Trouble is, behind the ASA alone is not good enough if you ask me as you cannot then employ ISA/TMG web publishing which adds a lot of value for web server protection; so you need to place the web server behind ISA/TMG on the LAN or create a DMZ behind ISA.

    Tuesday, August 17, 2010 7:03 PM
  • Thanks guys! Lots of cool advice.

    Phillip and JJ, I understand the ASA's limitations better now and agree with what you say. I guess we'll have to go with the extra NIC for now until the budget situation changes and I can get my hands on TMG. I understand a DMZ is not necessarily secure just for having it but I personally prefer the DMZ approach since it allows for logical separation of network components/zones. Also, senior management at my company feel that a DMZ can be a safety net if properly configured.

    The link on JJ's post also provides excellent information for anyone thinking about back-to-back DMZ config possibilities.

    For the sake of completing the thread for future reference, I also found the following links really useful:

    http://www.isaserver.org/tutorials/ISA_Server_DMZ_Scenarios.html

    http://www.isaserver.org/tutorials/Creating_a_Poor_Mans_DMZ_Part_1__Using_TCPIP_Security.html

    http://www.isaserver.org/tutorials/How_to_use_ISA_Server_Packet_Filters.html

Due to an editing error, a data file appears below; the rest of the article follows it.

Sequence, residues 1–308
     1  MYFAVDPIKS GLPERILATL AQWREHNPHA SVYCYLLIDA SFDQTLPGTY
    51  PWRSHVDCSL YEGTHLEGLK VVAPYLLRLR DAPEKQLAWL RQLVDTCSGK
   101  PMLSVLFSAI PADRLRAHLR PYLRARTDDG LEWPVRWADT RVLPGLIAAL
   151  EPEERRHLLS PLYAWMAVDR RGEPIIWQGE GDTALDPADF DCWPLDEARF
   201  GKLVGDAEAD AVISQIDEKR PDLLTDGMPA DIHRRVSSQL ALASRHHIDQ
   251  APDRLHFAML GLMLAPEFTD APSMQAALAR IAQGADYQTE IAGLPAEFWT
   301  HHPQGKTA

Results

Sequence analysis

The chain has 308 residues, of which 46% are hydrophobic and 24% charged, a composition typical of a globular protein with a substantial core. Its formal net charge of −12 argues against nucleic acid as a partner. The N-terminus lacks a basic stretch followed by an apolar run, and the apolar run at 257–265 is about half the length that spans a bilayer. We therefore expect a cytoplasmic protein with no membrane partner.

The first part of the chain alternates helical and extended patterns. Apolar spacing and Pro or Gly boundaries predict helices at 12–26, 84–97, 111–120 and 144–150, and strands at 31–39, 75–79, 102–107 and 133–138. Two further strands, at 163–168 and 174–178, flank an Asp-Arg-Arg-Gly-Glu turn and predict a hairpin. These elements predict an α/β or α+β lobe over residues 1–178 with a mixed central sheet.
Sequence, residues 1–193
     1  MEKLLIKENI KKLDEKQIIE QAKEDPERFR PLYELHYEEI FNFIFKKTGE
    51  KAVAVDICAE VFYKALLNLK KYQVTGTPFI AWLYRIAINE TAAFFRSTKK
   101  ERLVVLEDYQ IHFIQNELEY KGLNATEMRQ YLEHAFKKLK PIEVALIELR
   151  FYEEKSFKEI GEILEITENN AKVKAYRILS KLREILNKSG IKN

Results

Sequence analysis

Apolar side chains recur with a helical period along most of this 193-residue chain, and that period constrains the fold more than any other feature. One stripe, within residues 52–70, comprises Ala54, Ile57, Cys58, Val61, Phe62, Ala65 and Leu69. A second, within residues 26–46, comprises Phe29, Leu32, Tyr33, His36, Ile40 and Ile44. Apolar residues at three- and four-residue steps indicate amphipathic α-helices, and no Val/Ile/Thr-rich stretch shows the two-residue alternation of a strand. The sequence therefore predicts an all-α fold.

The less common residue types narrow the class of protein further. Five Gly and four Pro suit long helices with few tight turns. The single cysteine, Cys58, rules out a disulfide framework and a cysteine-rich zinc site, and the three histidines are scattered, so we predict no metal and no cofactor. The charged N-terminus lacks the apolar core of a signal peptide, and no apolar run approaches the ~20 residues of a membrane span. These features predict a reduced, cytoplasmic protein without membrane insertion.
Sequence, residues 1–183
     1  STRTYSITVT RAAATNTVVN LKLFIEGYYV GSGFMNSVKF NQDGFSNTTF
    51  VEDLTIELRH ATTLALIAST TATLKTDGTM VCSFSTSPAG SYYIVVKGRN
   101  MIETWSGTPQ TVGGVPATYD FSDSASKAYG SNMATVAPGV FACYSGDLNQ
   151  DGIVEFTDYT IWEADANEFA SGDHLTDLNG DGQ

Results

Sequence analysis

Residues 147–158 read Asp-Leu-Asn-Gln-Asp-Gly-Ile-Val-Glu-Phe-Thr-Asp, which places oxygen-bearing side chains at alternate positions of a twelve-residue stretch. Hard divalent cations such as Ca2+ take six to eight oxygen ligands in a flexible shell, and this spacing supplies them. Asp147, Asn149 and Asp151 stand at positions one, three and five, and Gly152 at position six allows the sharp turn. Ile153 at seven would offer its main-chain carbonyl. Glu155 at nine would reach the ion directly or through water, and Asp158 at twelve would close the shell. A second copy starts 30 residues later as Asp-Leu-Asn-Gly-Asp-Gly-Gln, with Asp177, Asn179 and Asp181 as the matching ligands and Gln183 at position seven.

http://social.technet.microsoft.com/Forums/en-US/Forefrontedgesetup/thread/240225ee-b8b7-4dba-9e96-40388bef869a

    http://www.experts-exchange.com/Microsoft/Windows_Security/Q_24650470.html

    http://www.eggheadcafe.com/software/aspnet/29076010/owa-isa-and-asa.aspx

    Happy reading

    -Ryek

    Wednesday, August 18, 2010 10:16 AM
  • You can do fine with the Tri-homed DMZ and not have to buy anything.
     
    Stay away from the thrid article.  Packet Filters won't have anything to do with anything,...and that article was for ISA2000 which was a completely different architecture.
    Stay away from the "Poor Man's DMZ" article for the same reason.
    Stay away from the "DMZ Scenarios" article for the same reason
     
    The www.isaserver.org is a great site,...but you have to get the right material that fits what you are really using in the right context.